* The ImproX IXP400 controllers cater for up to 160 000 card-holders and can buffer up to 500 000 transactions per controller. A key feature of these controllers is that they were able to connect to each other using the existing Toyota Ethernet network infrastructure, thus eliminating additional cabling. "Impro's latest controllers can handle up to 3000 doors and 300 000 cardholders and up to a million buffered transactions per site," adds McPhail.

* All turnstiles, booms and access doors were equipped with the automated random search feature that is standard on Impro Technologies' ImproNet Software Suite.

* Toyota's Ethernet WAN was used to connect the Toyota stamping division in Mobeni (43 kilometres from the Prospecton plant) to the centralised database.

Business Connexion, together with the Toyota SAP team defined the integration workflows and developed a seamless integration between the three different systems (Timekeeper, SAPHR, and the SPOSS canteen management system). Timekeeper is a fully-fledged time management solution used by Toyota to calculate the hours worked by employees by applying all the applicable T&A rules. The hours to be paid are then exported to the SAP Payroll system for payment.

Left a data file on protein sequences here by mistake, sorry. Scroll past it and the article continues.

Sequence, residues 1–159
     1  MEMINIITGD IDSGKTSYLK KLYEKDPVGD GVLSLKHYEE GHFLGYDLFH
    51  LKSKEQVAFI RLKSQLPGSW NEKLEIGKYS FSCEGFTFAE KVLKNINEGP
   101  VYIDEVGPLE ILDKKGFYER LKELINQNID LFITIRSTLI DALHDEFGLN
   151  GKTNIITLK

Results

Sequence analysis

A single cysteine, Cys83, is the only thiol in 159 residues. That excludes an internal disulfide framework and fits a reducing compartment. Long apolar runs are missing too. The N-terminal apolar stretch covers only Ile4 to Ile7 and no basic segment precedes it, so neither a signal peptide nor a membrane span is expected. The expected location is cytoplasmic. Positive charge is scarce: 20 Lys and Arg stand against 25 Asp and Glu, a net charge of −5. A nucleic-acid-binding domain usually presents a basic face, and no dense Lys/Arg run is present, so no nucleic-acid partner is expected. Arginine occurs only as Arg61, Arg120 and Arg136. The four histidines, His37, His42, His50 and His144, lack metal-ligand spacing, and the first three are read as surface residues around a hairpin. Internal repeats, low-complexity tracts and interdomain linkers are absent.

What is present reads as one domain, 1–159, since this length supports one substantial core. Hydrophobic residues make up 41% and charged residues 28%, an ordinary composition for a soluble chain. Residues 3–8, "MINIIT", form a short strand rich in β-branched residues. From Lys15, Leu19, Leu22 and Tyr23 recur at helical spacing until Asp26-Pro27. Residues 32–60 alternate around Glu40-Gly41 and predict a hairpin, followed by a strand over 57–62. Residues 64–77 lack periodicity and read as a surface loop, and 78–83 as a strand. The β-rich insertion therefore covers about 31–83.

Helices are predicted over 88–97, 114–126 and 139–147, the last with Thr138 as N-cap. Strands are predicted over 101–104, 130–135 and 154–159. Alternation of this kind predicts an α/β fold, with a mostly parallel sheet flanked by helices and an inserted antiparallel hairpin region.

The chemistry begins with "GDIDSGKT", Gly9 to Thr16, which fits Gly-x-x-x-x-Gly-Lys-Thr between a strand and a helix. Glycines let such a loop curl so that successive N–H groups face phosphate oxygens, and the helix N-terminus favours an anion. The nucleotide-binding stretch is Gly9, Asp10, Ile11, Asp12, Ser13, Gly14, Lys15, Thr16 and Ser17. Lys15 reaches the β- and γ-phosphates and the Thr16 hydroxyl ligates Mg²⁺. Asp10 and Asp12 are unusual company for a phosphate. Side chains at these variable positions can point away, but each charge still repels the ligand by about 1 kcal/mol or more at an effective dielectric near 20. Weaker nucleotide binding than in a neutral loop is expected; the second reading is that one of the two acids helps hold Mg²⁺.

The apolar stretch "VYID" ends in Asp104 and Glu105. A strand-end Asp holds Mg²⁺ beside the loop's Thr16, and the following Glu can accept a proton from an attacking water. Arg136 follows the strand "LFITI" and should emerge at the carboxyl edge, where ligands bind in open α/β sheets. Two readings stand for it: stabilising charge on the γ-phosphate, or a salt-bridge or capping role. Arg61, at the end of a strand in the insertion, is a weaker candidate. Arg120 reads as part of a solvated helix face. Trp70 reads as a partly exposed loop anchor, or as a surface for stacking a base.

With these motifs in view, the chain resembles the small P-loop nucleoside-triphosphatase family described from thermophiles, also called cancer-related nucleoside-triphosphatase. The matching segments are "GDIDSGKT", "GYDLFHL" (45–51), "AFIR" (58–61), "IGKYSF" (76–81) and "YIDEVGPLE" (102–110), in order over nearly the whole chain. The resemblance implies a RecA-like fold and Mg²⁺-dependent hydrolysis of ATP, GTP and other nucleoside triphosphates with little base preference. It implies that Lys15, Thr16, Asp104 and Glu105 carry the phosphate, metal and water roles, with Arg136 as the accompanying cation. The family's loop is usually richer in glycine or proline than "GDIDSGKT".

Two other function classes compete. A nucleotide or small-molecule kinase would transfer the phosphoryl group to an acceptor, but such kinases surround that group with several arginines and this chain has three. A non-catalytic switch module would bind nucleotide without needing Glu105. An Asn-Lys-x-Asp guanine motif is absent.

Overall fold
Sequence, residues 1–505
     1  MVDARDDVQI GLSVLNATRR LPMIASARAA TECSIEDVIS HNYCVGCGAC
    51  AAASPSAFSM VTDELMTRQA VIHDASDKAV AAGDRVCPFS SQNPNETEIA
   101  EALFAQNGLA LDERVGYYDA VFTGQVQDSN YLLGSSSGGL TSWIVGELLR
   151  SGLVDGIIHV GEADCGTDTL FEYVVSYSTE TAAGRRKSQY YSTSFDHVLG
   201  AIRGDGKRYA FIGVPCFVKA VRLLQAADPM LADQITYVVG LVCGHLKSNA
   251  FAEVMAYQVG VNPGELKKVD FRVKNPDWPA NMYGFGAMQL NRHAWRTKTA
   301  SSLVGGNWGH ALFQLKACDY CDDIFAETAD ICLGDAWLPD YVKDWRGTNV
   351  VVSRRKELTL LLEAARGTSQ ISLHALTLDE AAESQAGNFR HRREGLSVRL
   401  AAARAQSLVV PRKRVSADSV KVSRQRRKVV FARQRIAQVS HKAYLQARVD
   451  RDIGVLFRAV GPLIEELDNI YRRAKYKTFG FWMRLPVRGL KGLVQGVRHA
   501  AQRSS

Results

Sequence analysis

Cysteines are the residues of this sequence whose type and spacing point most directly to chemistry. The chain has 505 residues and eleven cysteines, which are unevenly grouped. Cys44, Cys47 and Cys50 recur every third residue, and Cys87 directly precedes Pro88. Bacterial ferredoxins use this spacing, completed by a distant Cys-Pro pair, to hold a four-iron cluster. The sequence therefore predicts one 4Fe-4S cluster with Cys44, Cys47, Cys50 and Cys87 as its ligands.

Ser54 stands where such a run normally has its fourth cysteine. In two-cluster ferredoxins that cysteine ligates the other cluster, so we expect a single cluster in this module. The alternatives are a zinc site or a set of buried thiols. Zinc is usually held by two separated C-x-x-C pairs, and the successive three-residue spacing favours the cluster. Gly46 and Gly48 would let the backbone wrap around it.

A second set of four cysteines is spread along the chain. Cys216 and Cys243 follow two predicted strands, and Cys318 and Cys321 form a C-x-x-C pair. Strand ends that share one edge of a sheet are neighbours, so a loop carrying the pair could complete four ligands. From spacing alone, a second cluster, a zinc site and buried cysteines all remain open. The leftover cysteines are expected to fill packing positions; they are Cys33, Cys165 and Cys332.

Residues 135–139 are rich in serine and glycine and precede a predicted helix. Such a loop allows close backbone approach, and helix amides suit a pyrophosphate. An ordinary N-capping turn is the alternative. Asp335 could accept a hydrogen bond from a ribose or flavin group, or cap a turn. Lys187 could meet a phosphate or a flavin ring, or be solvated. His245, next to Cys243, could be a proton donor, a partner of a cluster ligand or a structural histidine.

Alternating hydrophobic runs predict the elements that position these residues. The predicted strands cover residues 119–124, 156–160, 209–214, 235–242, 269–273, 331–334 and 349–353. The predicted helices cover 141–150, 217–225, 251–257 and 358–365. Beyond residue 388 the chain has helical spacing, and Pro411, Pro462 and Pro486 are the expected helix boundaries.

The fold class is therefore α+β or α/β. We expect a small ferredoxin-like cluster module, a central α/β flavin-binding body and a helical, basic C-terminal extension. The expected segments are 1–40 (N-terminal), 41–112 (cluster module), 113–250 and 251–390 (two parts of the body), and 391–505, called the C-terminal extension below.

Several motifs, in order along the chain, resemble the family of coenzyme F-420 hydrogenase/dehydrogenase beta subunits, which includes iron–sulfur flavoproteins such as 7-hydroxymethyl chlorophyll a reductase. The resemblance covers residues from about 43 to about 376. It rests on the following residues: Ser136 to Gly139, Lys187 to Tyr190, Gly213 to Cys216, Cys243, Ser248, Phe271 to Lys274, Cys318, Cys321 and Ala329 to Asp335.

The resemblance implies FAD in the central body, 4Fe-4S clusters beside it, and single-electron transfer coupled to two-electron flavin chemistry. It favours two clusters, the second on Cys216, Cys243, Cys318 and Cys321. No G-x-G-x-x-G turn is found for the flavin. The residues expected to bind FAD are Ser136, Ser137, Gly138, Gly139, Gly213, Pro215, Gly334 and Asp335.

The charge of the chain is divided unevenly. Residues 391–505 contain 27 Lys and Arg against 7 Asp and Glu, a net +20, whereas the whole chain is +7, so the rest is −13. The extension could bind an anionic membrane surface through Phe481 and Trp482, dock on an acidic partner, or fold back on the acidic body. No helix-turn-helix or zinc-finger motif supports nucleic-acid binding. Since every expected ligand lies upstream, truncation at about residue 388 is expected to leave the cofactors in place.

To ensure success, regular project review meetings were held and progress was measured against a master project plan:

* Microsoft BizTalk, the business process management (BPM) server, enabled Toyota to automate and optimise the business processes between Timekeeper and SAPHR.

* All employee master data is captured on the SAPHR system, and then downloaded to Timekeeper, where the Tag data is captured and automatically updated via Impro's access control system and the SPOSS system.

Linda Glieman, senior sales executive at Business Connexion, comments, "The implementation itself was painless to the employees working in the Toyota Plant. The new equipment was installed alongside the existing Linkscan equipment and the entire plant went live over one weekend. At the end of the first week all the employees were paid from the new installation."


Bender comments, "There were major challenges in implementing the desired solution with all the integration requirements, but a strong, dedicated and technically-sound project team proved more than capable in overcoming all the snags that cropped up.

Although the project planning was thorough, server sizing was initially underestimated but this was easily resolved. A rapidly growing Toyota environment generated many new change requests that had to incorporate unknown areas that were in the process of being implemented or changed.